Opponents of a Brexit bargain have simply reincarnated on a grand.
Boris Johnson, prompting the queen to order a five-week suspension of parliament, means that his critics have far less time than they think will prevent Britain from leaving the European Union without a deal on October 31st.
Previously, their preferred option today was to pass a law requiring the government to seek an extension of Brexit and hold a second referendum if negotiations with the EU fail to lead to
This may force them to revert back to Plan B – a no-confidence motion against the government. The problem is that in order to succeed, they need Conservative MPs to vote against their own party, which would always be a tall order.
In any case, a new session of Parliament with the traditional State will open on October 14th Opening Parliament and Queen's Speech as the Monarch reads a text written by Downing Street that sets out the legislative priorities of the government. This is usually followed by a few days of parliamentary debate. And although Johnson has so far been pleased to violate the norms of British political life, it is a tradition that will suit him well.
The EU Council Summit is to be held on 17 and 18 October. If Johnson returns from this event, which concludes a new Brexit deal, he hopes to push it through Parliament in the two weeks remaining until Brexit Day. And after this? Quick general elections driving the wave of Brexit triumph to bolster your credibility?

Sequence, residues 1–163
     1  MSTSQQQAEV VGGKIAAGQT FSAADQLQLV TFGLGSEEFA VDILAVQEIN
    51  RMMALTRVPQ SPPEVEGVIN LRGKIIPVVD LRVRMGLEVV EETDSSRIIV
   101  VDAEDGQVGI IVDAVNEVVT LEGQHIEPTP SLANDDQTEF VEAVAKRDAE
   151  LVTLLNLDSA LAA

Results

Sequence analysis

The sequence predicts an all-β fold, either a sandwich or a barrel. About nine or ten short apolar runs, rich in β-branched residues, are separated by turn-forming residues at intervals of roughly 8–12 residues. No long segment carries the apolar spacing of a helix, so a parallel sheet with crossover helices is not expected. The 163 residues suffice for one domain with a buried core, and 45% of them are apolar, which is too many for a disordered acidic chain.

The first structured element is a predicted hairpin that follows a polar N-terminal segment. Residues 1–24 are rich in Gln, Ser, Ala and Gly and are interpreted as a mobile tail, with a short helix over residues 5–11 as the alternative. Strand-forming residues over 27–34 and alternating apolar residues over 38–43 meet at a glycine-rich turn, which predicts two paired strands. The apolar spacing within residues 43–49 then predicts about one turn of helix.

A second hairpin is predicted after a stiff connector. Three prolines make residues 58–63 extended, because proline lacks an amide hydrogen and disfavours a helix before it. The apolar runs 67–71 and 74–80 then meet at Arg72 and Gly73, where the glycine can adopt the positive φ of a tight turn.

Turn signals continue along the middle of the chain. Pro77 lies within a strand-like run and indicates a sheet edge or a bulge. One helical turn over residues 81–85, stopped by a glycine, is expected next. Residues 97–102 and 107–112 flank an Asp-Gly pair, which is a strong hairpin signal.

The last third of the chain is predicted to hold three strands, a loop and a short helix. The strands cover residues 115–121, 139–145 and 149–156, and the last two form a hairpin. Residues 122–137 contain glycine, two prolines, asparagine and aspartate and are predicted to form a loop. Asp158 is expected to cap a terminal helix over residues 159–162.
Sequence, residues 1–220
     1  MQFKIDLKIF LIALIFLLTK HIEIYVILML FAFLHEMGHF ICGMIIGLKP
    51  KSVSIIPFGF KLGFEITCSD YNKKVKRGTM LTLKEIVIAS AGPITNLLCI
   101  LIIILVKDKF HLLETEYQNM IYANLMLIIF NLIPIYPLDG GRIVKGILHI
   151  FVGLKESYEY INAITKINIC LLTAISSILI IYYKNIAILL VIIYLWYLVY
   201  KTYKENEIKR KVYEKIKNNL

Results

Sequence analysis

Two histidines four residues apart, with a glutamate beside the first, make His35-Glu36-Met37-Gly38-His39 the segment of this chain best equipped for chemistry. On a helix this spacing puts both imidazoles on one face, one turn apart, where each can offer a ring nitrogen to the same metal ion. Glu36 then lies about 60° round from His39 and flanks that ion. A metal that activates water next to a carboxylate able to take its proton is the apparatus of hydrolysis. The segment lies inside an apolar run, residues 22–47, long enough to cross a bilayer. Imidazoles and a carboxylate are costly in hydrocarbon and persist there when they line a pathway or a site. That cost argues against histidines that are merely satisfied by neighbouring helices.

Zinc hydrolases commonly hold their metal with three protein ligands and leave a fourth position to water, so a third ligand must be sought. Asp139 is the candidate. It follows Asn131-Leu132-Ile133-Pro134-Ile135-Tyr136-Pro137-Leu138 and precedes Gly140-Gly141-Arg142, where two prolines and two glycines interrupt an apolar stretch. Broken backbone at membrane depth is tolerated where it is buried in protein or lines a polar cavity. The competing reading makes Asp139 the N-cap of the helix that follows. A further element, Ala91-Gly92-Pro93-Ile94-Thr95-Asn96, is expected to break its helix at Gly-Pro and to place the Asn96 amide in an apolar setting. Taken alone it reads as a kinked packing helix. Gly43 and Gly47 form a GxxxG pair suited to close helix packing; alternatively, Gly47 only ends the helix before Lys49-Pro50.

But if negotiations with the EU fail and Johnson paves the way for non-regulation, things can look very different. The problem for his opponents is that until now their maneuvering will be severely restricted.
Even if they manage to get enough support to get a no-confidence vote, UK law sets a two-week window for a new government to be formed, or a general parliamentary election. In the meantime, the Brexit countdown clock will continue to tick.
Brexit opponents already blame Johnson's machinations as constitutional outrage and plan parliamentary deliberation next week.
Johnson, however, seems very pleased with himself, pointing out that Parliament will sit in front of Brexit and the whole affair is perfectly in order, given that his predecessor Teresa May had allowed the previous Parliament session to [19659002Whateverhappensit'sclearthatnextweekisreallygoingtobeveryuneven-andasalwayswithBrexitonlythefastestspeederswilltrytopredicttheoutcomewithanydegreeofcertaintyIt'stimetodeal